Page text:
The interaction between light and matter occurs in discrete packages of electromagnetic energy, called photons
. In a nutshell, an atom in its ground state
needs to absorb a photon of a specific wavelength in order to be able to transition to its excited state
; then, it decays back to its ground state by emitting the photon. An effective way to study this interaction is by placing the atom in an optical cavity
, which serves as a storage box for photons of a specific wavelength. The simplest example of a cavity is a set of two parallel mirrors between which light can bounce back and forth for some time before escaping through one of them; the arrangement of the mirrors — their distance, in our example — determines the wavelengths of light that can be stored.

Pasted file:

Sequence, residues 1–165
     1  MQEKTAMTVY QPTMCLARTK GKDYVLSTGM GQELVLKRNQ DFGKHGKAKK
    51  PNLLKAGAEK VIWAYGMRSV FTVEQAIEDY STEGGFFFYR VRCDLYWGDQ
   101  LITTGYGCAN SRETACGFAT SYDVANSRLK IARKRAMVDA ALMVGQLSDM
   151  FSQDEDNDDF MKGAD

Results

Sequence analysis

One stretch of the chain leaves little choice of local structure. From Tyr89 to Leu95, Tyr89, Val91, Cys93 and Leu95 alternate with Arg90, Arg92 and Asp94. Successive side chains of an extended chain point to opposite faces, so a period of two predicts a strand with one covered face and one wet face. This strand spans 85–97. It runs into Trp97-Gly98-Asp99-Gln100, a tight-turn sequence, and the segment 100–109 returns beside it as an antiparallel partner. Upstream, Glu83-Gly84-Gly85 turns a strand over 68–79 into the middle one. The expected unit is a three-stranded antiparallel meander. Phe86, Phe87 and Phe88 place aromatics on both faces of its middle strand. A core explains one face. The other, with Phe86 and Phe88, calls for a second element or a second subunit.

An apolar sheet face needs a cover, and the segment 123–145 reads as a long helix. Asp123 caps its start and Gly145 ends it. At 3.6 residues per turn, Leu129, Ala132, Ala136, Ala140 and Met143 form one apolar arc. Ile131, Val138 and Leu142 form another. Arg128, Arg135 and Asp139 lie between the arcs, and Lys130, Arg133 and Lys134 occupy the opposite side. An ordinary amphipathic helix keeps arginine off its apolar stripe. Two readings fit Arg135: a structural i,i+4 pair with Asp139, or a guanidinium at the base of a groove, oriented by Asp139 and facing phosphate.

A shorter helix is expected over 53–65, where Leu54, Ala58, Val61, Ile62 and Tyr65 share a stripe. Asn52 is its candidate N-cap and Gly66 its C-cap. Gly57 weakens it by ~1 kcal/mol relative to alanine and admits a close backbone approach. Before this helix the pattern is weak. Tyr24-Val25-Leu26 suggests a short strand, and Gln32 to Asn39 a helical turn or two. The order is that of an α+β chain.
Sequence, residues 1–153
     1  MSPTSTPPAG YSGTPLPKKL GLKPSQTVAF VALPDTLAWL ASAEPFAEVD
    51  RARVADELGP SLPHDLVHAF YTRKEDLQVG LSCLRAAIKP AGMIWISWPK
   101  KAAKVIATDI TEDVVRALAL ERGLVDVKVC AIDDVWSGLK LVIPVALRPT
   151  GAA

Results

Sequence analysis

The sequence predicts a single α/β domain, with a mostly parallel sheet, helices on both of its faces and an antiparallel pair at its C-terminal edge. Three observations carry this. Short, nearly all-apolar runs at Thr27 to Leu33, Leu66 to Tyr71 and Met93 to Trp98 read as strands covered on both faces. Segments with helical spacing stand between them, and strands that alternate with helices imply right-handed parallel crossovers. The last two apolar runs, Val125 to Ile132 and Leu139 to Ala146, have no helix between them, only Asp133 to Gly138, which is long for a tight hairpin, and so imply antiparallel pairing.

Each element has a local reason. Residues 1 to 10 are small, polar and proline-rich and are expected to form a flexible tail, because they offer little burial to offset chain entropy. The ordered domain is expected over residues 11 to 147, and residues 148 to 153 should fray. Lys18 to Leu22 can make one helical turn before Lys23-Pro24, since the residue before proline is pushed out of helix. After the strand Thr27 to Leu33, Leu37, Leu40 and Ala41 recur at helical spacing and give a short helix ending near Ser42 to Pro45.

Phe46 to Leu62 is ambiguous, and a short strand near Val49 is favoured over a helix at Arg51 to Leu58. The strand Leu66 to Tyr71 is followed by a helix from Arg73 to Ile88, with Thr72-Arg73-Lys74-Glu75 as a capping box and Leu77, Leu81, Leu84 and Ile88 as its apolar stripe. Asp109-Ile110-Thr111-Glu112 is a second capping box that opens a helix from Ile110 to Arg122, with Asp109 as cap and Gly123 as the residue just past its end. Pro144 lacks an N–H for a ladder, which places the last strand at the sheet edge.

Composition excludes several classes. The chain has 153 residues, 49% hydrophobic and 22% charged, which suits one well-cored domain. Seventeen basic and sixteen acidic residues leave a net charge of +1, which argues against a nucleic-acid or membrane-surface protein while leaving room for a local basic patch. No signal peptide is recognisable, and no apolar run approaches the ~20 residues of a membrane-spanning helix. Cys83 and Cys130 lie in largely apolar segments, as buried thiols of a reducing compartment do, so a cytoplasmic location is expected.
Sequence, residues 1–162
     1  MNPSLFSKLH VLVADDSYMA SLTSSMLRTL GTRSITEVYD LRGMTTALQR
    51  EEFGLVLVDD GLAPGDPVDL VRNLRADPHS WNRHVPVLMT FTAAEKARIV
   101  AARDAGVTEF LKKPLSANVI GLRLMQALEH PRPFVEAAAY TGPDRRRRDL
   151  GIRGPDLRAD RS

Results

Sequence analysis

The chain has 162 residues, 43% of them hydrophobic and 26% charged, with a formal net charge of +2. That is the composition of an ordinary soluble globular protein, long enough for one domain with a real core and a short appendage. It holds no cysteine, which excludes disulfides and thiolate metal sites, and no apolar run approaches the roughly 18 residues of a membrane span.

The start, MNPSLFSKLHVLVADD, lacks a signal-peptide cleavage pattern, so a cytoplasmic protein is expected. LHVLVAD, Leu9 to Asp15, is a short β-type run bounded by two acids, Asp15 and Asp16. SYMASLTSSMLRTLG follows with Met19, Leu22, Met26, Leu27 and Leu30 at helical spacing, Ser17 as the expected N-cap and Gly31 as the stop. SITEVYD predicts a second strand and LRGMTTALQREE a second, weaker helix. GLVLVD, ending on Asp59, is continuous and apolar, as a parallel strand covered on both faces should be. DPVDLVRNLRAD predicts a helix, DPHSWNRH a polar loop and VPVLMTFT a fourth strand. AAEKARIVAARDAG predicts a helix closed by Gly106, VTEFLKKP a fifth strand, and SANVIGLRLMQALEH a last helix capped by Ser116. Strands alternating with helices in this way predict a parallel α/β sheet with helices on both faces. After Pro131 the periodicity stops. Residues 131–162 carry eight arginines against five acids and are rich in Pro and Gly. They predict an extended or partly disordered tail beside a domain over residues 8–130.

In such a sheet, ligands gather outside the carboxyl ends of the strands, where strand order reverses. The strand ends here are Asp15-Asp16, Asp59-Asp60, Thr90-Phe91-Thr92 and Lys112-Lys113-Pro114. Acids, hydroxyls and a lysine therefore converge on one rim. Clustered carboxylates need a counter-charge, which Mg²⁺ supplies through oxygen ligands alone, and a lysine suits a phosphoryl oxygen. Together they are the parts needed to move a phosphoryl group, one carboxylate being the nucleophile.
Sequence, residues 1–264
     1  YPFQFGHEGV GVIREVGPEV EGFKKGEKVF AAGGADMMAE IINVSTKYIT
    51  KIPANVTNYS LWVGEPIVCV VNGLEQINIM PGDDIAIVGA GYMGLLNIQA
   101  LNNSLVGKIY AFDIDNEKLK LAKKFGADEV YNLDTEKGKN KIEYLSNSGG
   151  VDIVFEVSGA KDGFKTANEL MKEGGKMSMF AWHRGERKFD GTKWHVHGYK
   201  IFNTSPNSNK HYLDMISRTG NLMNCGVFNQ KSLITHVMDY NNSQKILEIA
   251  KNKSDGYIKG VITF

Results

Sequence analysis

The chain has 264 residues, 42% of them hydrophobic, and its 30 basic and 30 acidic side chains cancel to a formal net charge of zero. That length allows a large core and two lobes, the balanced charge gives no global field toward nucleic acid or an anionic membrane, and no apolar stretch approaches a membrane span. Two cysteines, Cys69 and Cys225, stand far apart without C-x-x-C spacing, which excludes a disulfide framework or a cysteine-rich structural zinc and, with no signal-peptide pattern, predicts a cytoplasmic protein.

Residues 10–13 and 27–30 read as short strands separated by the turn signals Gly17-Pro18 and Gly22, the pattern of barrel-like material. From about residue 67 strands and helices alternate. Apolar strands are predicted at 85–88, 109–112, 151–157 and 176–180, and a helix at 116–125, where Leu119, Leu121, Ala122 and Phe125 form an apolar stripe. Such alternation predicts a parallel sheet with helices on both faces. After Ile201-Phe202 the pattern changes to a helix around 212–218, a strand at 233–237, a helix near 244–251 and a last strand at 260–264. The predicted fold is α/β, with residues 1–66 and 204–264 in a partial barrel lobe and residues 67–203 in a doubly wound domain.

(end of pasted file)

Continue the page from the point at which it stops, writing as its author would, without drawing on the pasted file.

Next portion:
Going back to our initial analogy, the atom is our boat sailing on the waves of the optical field created by the photons stored in the optical cavity. The strength of the interaction between the atom and the photons is also determined by how well the energy of the cavity photons matches the energy difference between the ground and excited state of the atom. We can distinguish between a strong coupling regime
and a weak coupling regime
. In the strong coupling regime, the internal state of the atom rocks to the tune of the light waves: it oscillates between two states, while emitting and reabsorbing photons — these oscillations are called Rabi oscillations